Professor at Columbia University, Christina Hoven said as the world prepares to exit the novel coronavirus pandemic, Guyana still has another in the form of suicide which it must seek to eliminate.
“The pandemic is not over and it will continue to take lives and sicken people. However, the good news is that the grip of the pandemic has been loosened. Leadership, education, awareness and changed personal behaviour as well as a joint commitment has put in our sight, the end of the COVID-19 pandemic. Suicide on the other hand, is Guyana’s ongoing private pandemic, a private plague placing this beautiful country at the top of the list of countries around the world for its high rate of suicide,” she outlined.
However, she noted that in some cases, the numbers are much higher but are being classified under labels which distort the actual magnitude of suicide-related deaths.
“Transport injuries, car accidents, unintended injuries, self-harm and violence; that’s how it gets classified in the emergency room when the body comes in from a car accident or from a fall. It gets classified this way, not as a suicide. But you can be sure, many of those cases are a suicide. So again, the numbers are worse than we know.”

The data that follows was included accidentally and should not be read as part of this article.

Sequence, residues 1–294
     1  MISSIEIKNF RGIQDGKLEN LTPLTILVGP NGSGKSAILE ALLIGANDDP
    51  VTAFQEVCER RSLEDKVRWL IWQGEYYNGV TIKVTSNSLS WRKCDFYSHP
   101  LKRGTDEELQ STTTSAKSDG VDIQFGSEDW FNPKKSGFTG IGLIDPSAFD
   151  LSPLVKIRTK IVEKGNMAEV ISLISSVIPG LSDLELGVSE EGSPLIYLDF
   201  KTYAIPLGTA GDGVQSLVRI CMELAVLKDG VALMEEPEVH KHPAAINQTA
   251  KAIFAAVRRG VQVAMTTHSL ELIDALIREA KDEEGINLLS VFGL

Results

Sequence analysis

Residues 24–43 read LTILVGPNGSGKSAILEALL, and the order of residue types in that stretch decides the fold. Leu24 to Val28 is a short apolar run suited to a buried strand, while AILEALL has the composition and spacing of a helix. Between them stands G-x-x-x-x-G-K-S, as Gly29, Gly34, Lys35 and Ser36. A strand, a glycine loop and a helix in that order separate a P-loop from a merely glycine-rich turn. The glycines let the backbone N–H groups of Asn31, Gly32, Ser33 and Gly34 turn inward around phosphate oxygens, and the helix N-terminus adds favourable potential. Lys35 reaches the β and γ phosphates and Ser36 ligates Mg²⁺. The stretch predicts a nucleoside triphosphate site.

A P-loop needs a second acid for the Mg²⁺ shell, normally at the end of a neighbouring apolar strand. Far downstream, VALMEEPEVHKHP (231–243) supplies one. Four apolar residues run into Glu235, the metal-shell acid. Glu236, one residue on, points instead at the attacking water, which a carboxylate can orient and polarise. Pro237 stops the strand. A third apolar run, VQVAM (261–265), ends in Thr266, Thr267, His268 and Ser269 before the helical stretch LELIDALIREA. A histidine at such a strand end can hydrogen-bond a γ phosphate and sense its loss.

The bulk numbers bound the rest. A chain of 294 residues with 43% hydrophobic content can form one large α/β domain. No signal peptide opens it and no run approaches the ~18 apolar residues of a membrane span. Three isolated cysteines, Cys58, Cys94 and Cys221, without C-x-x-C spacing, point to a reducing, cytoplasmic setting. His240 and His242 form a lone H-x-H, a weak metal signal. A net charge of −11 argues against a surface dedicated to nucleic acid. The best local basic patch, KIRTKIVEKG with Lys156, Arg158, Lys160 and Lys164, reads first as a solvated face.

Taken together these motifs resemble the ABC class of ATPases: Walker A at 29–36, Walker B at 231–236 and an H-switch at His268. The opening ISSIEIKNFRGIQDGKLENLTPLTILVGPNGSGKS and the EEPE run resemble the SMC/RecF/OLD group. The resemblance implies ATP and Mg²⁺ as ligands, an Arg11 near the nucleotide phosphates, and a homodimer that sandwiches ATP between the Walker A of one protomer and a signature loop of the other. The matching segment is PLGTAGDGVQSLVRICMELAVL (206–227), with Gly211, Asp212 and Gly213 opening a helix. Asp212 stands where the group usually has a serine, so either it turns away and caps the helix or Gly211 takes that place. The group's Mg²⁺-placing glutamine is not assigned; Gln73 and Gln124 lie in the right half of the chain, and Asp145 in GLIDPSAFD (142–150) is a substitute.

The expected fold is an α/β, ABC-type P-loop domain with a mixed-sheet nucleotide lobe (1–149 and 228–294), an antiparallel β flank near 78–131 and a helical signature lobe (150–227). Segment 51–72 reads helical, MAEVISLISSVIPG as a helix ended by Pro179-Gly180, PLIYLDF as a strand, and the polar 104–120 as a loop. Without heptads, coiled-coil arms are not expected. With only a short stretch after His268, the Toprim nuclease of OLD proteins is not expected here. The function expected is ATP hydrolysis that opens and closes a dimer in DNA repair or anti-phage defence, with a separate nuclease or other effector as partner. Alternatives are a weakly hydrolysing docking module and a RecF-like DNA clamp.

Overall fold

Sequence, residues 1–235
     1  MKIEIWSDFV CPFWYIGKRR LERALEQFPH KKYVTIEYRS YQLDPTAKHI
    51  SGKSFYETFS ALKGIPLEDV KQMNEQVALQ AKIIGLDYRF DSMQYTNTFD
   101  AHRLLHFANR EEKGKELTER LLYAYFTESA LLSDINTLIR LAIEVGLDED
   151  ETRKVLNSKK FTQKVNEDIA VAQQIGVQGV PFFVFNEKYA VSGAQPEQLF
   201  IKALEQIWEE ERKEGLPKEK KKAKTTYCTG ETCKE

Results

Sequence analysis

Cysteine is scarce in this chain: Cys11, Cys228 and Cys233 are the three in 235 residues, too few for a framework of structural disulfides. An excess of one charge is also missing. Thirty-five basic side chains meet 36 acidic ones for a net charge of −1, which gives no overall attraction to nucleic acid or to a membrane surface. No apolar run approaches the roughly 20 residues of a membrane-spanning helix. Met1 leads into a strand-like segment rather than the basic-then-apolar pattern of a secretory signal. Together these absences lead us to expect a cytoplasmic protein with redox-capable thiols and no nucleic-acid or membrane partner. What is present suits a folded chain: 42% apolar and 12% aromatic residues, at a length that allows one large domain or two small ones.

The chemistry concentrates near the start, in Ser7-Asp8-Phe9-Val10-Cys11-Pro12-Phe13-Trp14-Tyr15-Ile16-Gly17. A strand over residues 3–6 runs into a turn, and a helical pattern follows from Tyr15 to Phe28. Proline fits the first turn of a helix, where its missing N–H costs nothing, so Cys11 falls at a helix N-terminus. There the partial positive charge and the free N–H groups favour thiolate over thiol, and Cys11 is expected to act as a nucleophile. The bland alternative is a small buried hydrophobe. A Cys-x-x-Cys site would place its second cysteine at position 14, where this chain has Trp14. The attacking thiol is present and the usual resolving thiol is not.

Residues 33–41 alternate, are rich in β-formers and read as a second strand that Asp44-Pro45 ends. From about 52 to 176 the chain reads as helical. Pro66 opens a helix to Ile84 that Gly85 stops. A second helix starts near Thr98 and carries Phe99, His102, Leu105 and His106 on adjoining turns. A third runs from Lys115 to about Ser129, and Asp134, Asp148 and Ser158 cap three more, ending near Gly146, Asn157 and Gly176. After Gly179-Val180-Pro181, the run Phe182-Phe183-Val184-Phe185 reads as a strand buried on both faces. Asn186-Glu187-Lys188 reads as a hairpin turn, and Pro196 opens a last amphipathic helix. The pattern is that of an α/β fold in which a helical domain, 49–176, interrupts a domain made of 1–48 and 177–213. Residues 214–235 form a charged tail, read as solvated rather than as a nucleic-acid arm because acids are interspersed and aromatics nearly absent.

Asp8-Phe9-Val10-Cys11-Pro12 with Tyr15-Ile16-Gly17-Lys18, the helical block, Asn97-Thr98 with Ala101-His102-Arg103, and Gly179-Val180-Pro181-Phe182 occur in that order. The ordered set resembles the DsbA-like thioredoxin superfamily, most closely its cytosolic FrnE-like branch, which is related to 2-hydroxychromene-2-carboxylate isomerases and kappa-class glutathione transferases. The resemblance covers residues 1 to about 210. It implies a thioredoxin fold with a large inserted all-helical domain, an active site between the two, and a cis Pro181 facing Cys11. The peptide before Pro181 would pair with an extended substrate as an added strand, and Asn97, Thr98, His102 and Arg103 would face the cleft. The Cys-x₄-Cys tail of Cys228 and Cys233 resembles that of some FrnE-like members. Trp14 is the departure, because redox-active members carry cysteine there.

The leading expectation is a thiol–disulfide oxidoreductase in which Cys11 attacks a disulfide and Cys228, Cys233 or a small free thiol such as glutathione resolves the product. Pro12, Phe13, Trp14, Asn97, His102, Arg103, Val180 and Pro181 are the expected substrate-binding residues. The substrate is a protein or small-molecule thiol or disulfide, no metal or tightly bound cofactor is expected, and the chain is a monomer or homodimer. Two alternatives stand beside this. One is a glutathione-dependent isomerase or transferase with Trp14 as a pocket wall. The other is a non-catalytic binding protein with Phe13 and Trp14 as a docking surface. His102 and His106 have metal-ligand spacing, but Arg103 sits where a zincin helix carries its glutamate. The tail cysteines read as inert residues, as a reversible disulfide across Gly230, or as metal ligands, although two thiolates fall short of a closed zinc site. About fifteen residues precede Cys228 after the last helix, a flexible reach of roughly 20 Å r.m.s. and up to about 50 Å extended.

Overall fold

Across the country, the figures are ununiform, meaning socioeconomic and cultural deprivation are some factors which increase risks of such occurrence. She reminded that every case is different and speaks to the need for a multifaceted approach.
Hoven added, “We can do a lot of things. We can do it from a multifaceted perspective because suicide is multifaceted. Everyone that kills themself is different and they have a range of activities and attitudes at the least to bring them to that point. We can intersect those attitudes and beliefs if we think about it and try.”
In the coming future, the Guyana Wellbeing Project will be conducted in collaboration with several partners. It is divided into three segments, the first of which is a national representative community cohort using 5000 people across the country, aged 15 and above. The second part is a clinical attempter’s sample, where every person that visits a crisis clinic will be assessed.